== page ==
Florentine Cookie Bars
These Florentine Cookie Bars combine all the wonderful flavors and textures of Florentine cookies with a buttery shortbread bar. It’s a great Christmas treat, and they are one of my 12 shipping-friendly food gift ideas for Christmas and beyond!
If you love Florentine cookies, prepare to enjoy them in another form: cookie bars!
Florentines have always been one of my favorite cookies because, really, when there are crunchy almonds, flavors of orange, dried fruit and honey, it’s bound to be amazing. There’s so much flavor!
Traditional florentines are a little bit finicky to make (and especially to shape), so I thought, why not take all of the components and flavors of a florentine cookie, and layer it on buttery, rich shortbread?
It turned out fantastic.
Most of the time, I use unsalted butter for my baking recipes so that I can control the salt, but shortbread is an exception (you’ll see the same in my Shortbread Cookies recipe).
For this recipe I’m using salted butter, and the reason is that I prefer not to have big granules of salt distributed throughout shortbread.
For things like Chocolate Chip Cookies or Peanut Butter Cookies, it’s great to have little pops of salt, but for a smooth, buttery shortbread experience, we’re going to use salted butter so the seasoning is evenly distributed.
How to Make It Step by Step:
To get started, place two sticks of salted butter and a 1/2 cup of sugar in a bowl.
Cream them together until fluffy, then add vanilla extract.
Mix in flour until it is distributed (the dough will look crumbly, don’t worry).
Despite its crumbly appearance, the dough should hold together when squished in your hand.
Press the shortbread into an 8×12 pan with your fingertips. (This recipe will also work in a 9×13 pan too.)
Bake the shortbread in a 350 degrees F oven, and in the meantime, start the topping.
Combine salted butter, sugar, heavy cream and honey in a saucepan.
Cook this mixture until it reaches 250 F.
Add dried cherries, almonds, and orange zest.
Stir it all together and immediately spread it evenly on top of the shortbread.
Bake for another 20 minutes until the cherries are plump.
Let the Florentine cookie bars cool completely, then cut into squares and serve.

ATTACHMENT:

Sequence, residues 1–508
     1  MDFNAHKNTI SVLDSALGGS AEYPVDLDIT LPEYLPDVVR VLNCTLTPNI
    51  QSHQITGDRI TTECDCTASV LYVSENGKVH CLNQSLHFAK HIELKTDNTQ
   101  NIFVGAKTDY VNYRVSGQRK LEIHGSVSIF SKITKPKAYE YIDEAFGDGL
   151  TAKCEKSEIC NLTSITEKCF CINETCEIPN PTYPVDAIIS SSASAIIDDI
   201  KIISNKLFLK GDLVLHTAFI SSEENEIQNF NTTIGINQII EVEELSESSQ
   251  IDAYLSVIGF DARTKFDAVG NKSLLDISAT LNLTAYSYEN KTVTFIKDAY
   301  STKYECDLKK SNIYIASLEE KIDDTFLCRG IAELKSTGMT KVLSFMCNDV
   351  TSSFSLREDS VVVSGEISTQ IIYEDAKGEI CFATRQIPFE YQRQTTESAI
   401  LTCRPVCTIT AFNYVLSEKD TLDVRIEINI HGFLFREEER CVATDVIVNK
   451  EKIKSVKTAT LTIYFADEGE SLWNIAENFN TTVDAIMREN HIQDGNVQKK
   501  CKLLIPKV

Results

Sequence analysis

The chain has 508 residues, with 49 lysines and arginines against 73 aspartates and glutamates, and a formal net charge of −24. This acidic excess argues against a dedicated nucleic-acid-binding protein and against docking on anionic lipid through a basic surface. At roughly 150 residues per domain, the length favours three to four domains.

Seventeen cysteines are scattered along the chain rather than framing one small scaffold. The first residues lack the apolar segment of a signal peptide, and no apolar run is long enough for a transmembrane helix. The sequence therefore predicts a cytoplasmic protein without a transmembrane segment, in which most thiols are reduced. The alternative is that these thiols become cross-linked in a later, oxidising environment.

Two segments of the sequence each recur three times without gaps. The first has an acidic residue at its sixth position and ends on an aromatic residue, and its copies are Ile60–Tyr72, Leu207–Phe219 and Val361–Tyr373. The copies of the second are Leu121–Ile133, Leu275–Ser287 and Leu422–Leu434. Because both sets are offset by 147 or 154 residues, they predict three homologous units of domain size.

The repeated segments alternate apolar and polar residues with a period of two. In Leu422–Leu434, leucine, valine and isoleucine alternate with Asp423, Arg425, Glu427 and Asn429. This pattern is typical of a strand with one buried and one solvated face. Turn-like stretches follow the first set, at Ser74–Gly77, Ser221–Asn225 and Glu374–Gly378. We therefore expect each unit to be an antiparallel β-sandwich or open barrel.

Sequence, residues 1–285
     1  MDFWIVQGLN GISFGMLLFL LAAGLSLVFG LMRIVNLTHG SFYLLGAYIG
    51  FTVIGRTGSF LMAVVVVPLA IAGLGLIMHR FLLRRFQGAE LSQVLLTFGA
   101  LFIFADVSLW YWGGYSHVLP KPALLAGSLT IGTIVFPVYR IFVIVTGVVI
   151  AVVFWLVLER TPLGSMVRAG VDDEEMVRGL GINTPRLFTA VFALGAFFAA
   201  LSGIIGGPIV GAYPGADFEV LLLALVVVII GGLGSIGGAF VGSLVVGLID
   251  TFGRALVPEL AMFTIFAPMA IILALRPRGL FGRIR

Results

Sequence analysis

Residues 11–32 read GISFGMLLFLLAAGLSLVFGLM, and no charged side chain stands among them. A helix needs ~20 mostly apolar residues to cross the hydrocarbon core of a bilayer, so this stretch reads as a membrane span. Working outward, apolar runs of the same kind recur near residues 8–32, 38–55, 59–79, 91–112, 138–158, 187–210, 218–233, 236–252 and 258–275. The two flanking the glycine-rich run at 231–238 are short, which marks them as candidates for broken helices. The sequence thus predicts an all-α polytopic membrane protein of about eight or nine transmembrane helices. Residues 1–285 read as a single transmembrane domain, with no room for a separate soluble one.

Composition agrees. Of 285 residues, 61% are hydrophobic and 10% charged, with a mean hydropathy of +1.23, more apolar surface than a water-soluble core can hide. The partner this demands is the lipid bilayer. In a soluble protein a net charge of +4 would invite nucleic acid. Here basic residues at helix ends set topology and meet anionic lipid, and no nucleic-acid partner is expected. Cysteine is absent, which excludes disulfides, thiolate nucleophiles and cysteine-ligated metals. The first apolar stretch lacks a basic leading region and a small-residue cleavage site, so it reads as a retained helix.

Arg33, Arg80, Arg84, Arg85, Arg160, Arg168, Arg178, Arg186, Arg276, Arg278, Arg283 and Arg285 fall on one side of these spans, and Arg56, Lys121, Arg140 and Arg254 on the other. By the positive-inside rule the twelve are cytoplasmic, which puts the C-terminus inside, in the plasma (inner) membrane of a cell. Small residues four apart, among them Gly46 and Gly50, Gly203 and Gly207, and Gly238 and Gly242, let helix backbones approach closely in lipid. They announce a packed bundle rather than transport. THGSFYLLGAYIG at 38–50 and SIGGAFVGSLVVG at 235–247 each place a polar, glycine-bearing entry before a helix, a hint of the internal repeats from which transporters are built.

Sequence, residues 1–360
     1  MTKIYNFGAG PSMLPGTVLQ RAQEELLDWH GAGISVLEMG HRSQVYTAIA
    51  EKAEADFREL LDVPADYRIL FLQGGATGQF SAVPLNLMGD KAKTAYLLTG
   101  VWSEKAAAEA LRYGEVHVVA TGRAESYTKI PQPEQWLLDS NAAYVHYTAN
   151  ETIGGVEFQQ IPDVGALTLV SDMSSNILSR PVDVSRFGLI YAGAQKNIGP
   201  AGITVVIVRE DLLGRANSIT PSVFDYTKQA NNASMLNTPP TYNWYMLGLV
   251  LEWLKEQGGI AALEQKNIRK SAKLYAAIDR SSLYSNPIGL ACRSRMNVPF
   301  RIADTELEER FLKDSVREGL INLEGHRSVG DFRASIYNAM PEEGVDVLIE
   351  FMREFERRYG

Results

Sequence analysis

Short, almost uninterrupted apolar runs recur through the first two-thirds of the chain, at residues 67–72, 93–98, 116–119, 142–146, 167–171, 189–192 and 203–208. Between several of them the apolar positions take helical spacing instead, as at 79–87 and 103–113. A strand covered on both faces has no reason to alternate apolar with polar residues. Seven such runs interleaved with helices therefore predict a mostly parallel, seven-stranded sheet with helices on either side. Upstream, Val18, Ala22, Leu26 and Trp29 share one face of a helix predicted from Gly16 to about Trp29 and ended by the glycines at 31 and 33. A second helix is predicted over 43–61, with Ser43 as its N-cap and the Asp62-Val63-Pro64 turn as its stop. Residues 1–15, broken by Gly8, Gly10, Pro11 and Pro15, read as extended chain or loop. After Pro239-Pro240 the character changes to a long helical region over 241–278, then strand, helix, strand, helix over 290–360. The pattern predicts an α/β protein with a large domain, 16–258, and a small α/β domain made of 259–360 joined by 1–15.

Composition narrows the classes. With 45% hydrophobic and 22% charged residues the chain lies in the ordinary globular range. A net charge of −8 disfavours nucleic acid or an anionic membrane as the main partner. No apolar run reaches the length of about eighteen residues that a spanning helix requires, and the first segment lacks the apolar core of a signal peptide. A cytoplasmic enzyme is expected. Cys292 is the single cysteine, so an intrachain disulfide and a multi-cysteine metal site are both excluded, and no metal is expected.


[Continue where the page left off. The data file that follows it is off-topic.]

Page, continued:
And then there’s Cut Out Cookies if you want to do some decorating. Enjoy!
Florentine Cookie Bars
For the shortbread base
- 1 cup salted butter
- 1/2 cup sugar
- 1/2 teaspoon vanilla extract
- 2.5 cups all-purpose flour
For the topping
- 4 tablespoons salted butter
- 1/2 cup sugar
- 1/4 cup heavy cream
- 3 tablespoons honey
- 1 cup blanched sliced almonds
- 1 cup dried cherries* chopped
- zest of 1 orange
- Preheat the oven to 350° F.
- To make the shortbread base, place the butter and sugar in a large mixing bowl. Using a hand mixer, cream the butter and sugar together by whipping on medium-high speed for 60 seconds. Add the vanilla extract and mix until combined. Add the flour to the bowl and mix at medium speed until the flour is distributed, about 60 seconds. The dough will look crumbly, but should hold together when pressed with your fingers.
- Press the shortbread dough into a 8×12 inch pan with your fingertips, then bake for 25 minutes, until golden brown on the edges. (You can also use a 9×13 pan, with slightly less baking time.)
- While the shortbread bakes, make the topping. In a large saucepan, combine the butter, sugar, heavy cream and honey. Place over medium-high heat and cook it until it reaches 250° F on a candy thermometer. While cooking, do not stir the mixture, because this could cause crystallization. Once the mixture has reached the proper temperature, remove the pan from the heat and stir in the almonds, cherries and orange zest. Immediately spread this mixture evenly over the top of the shortbread.
- Bake for 20 minutes (or slightly less time for a larger pan) until the cherries are plump. Let the pan cool completely, then cut into bars and serve!
Nutrition is estimated using a food database and is only intended to be used as a guideline for informational purposes.
Post updated in December 2018. Originally posted December 2014.